August 27, 2013 in Blog
Interest rates are an often forgotten topic when it comes to Forex, but when it comes to Carry Trades, interest rates should come to the forefront of the discussion. Prior to the financial crisis of 2008, the carry trade was extremely popular, as different countries raised or lowered interest rates and tremendous opportunities existed for outsized gains.
At its core the carry trade relies on central banks to raise or maintain the rates of one country, while another country lowers its rates. These diverging rates allow you to buy the high interest rate currency, while selling the other. In effect you are going to be paid the high rate, while paying the lower rate, pocketing the difference. Although this barebones explanation makes it seem like an easy way to make money, traders must also be aware of potential changes in the exchange rates themselves, which can change drastically and turn a profitable carry trade into a big time loser.
Although the anticipated profits occur due to the difference in interest rates on certain currencies, one must also take into account a multitude of factors that can impact the trade. Factors such as: exchange rates, Central Bank actions, and economic indicators all play a role in the success or failure of a carry trade. If there is uncertainty relating to the direction of the interest rate spread, or suspicion of a narrowing spread, then the carry trade may turn unprofitable quite suddenly, and must be entered into cautiously, with stop losses and take profits in place should something go wrong. Central bank actions can often be difficult to judge and their decisions have blindsided investors in the past, so one must stay up to date on the mindset of these agencies relating to interest rates specifically. Economic indicators are a useful tool in estimating the direction of rates in a particular economy, but all data must be taken with a grain of salt. In general, it is not as simple as just finding a currency pair with a wide interest rate spread; many other factors must be considered and monitored.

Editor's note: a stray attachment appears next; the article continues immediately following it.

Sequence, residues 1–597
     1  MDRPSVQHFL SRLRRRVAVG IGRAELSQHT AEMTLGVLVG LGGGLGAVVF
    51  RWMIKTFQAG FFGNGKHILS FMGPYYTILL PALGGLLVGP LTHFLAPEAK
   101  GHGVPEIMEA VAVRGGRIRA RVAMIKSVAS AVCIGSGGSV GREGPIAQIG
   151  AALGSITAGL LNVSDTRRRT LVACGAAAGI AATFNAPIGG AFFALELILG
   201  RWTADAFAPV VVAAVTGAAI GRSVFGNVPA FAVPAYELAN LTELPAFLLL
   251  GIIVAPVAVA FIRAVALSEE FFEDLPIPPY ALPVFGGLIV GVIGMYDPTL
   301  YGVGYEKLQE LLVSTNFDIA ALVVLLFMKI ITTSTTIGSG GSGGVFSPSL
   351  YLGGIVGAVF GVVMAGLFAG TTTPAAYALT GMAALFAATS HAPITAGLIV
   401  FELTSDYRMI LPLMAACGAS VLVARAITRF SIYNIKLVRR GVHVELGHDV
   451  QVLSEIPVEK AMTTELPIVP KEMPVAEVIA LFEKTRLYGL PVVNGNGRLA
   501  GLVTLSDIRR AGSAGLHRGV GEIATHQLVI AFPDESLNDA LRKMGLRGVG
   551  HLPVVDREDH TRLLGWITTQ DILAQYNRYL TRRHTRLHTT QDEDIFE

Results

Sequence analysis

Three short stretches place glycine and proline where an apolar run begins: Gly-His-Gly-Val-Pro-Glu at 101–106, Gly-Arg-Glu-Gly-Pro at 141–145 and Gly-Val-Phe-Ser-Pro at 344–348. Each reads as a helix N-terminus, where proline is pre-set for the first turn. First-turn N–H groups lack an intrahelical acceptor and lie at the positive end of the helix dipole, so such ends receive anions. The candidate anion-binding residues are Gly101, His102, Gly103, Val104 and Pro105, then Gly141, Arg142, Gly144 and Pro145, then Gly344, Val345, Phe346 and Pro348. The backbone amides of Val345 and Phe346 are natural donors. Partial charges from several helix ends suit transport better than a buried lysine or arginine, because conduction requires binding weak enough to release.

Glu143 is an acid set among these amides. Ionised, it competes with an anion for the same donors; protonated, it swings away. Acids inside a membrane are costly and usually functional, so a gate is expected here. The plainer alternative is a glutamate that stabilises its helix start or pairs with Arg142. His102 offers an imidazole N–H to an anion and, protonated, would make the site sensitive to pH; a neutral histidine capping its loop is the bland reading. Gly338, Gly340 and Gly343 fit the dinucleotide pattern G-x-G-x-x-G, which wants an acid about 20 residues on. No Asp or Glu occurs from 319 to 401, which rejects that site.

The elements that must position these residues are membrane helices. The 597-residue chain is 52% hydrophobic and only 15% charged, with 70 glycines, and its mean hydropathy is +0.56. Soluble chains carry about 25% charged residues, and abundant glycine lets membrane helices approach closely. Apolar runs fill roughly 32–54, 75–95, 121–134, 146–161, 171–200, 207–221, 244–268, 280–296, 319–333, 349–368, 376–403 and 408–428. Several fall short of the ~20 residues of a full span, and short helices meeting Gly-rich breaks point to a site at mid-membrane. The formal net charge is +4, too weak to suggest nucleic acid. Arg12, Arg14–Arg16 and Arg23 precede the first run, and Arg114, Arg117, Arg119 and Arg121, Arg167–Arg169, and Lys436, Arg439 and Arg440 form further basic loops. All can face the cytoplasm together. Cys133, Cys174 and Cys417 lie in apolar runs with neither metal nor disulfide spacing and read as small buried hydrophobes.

Historically, there have been many famous examples of great carry trade success stories, as well as a fair share of failures. From 2003-2004 one of the most popular trades was AUD/USD offering a positive spread of around 2.5%( with leverage 10X equivalent to 25%). This 2.5% was also boosted by a 42% appreciation in the currency pair made this a perfect example of capital appreciation contributing to the anticipated yield gains. On the other end of the spectrum lie the AUD/JPY and NZD/JPY pairs circa 2008. As a result of the Subprime financial crisis, a sell off caused an approximately 45% price drop, making any carry trade profits irrelevant in the face of such tremendous capital losses.
Overall, the theory behind carry trade execution is quite straight forward, but there are many factors to consider and constant monitoring that must take place in order to ensure a profit. Particular attention must be paid to the downside, in the form of exchange rate risk. If your pair is losing value, then your profit from the carry trade becomes negligible or non-existent.
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